In defence of partial climate solutions
I'd like to start this blog with a little sense check. Stop me when you disagree:
- -Banning coal is not a climate change panacea
- -Planting trees is not a climate change panacea
- -Carbon pricing is not a climate change panacea
- -Online learning is not a climate change panacea
- -Developing hydrogen is not a climate change panacea
- -Buying carbon offsets is not a climate change panacea
- -Eating veggie burgers is not a climate change panacea
- -Driving electric vehicles is not a climate change panacea
- -Signing the Paris Agreement is not a climate change panacea
- -Corporate social responsibility is not a climate change panacea
Still with me? Of course you are, because for all the talk about how various climate actions are not panaceas it’s damn near impossible to find anyone who thinks that anything is a panacea.
The ‘not a panacea’ hot takes are uninteresting and unhelpful
This classic strawman has bothered me for some time now, but lately I’ve been trying to understand why these headlines are approaching the “millennials are killing the ____ industry” level of absurdity and what motivation lies behind them.
My conclusion is that there are two different sources for the ‘not a panacea’ critique. The first is simply that there are so many content creators out there (journalists, NGOs, industry PR, academics, hobbyists) and everybody needs to have their own ‘hot take’ on the latest topic in the climate debate. Sadly for people who like a bit of spice, these hot takes are extremely mild. The ‘not a panacea’ critique gives the impression of a contrarian view without the burden of having to say anything remotely controversial.
These mild hot takes may seem innocent and harmless - and that’s largely true - but I think there’s a second, more sinister source. Presenting a seemingly contrarian view is not just useful as a hot take for content creators, it’s also an extremely useful way of presenting a climate action in a negative frame, in this case by highlighting inadequacy.
Sometimes these critiques come from people in the broader environmental movement that feel overshadowed by the attention on a particular form of climate action (choose any from the links above), or sometimes it’s people who oppose this form of climate action for other, non-panacea reasons. When the article “Banning coal is not the panacea for climate change” appears in the publication Mining Monthly, you have to ask whether the author is responding to a (illusory) claim than banning coal is a panacea or whether they just want some negative headlines about a form of climate action that they don’t want to (or can’t) engage with in a serious manner.
All climate solutions are partial solutions
The latest incarnation of the ‘not a panacea’ critique is to say that a particular form of climate action is a distraction from the real issue. As climate disasters and the latest IPCC report increase the intense pressure for serious emissions reduction the debate sometimes gets a bit testy with people working on different climate actions.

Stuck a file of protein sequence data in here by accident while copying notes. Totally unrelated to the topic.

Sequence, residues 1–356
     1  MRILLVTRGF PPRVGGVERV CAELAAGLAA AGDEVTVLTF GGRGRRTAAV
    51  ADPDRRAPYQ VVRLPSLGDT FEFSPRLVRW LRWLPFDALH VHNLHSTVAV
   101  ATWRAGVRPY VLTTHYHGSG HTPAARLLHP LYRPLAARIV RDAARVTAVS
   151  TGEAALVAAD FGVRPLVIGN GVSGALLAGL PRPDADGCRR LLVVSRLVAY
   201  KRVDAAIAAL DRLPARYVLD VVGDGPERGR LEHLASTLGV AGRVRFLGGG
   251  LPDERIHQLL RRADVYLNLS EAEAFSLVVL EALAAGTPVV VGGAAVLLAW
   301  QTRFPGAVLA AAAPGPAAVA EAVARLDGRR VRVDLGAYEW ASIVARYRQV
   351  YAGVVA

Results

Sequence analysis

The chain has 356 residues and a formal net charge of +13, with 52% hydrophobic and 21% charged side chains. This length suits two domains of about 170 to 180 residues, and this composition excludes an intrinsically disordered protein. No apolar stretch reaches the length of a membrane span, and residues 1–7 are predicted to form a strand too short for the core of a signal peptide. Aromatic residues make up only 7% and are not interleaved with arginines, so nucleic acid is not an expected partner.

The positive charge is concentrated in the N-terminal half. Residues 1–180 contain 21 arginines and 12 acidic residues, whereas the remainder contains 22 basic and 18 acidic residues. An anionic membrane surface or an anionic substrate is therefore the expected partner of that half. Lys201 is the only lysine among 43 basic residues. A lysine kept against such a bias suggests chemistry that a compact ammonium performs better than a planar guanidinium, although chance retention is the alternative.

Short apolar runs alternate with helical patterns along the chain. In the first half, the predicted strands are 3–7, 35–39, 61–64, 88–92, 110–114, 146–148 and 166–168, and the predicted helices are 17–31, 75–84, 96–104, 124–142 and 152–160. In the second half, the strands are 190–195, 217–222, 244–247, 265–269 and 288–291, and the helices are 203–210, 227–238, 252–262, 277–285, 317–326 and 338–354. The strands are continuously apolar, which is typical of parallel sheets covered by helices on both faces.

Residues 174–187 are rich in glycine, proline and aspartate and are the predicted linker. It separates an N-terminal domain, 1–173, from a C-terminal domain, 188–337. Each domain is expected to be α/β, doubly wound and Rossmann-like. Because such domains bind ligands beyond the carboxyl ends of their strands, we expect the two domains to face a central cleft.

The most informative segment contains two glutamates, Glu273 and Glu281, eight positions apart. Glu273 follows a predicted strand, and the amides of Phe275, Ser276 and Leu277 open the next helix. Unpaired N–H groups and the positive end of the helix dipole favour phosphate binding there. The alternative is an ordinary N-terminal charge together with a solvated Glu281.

The good news, in my view, is that much of this conflict is completely unnecessary. Of course attention spans and financial investment are limited resources, but studies of environmental action reveal that progress on one issue actually increases support for others, even for the endless debate about individual action versus collective action. The idea that people have a limited budget of environmental concern that must be directed towards one single climate action was once an interesting provocation but has amounted to nothing more than that.
The issue I’m spending most of my time working on at the moment, electric cars, is attracting many of these hot takes, for example the claim that we(?) are ‘obsessed’ with EVs as a climate solution. The counterproductive nature of this critique should be obvious, but my question is why not just advocate for the issue you think should be focused on rather than playing into the hands of car makers that would love to continue to produce combustion engines for as long as possible?
I saw this on Twitter recently from Tim Parrique, a friend and one of the most engaging communicators I know. Here’s Tim’s tweet:
The implication seems to be that while electric cars significantly reduce greenhouse gas emissions, air pollution, and noise, they’re still cars after all and they don’t do anything about congestion, resource use, or physical health. Yeah, of course. To me this falls squarely into the uninteresting and unhelpful category. This inadequacy critique could also be made about any climate action — Tim’s degrowth policies included. Here’s one:
Honestly, I feel bad posting this graphic, but in case it’s not clear a 4 day week does not change power structures in the workplace, the perniciousness of the profit motive, or the banality of the work day. As always, there is a need for complementary policies.
How not to build a climate movement
It’s time to retire the ‘not a panacea’ talking point and the friendly fire in the environmental movement. Climate action shouldn’t have to reach a ridiculous bar of ‘solving climate change’ that nothing can possibly reach and few, if any, proponents would ever claim. It’s a trite observation, disingenuous about the position of advocates, and in the worst cases a calculated tactic to present a particular climate action in bed light.
Instead, tell us how your proposed climate action makes the world better. Even better, tell us how this climate action supports and reinforces other climate actions. That, in my view, is a much more promising strategy if we’re ever going to build a climate action plan from partial solutions.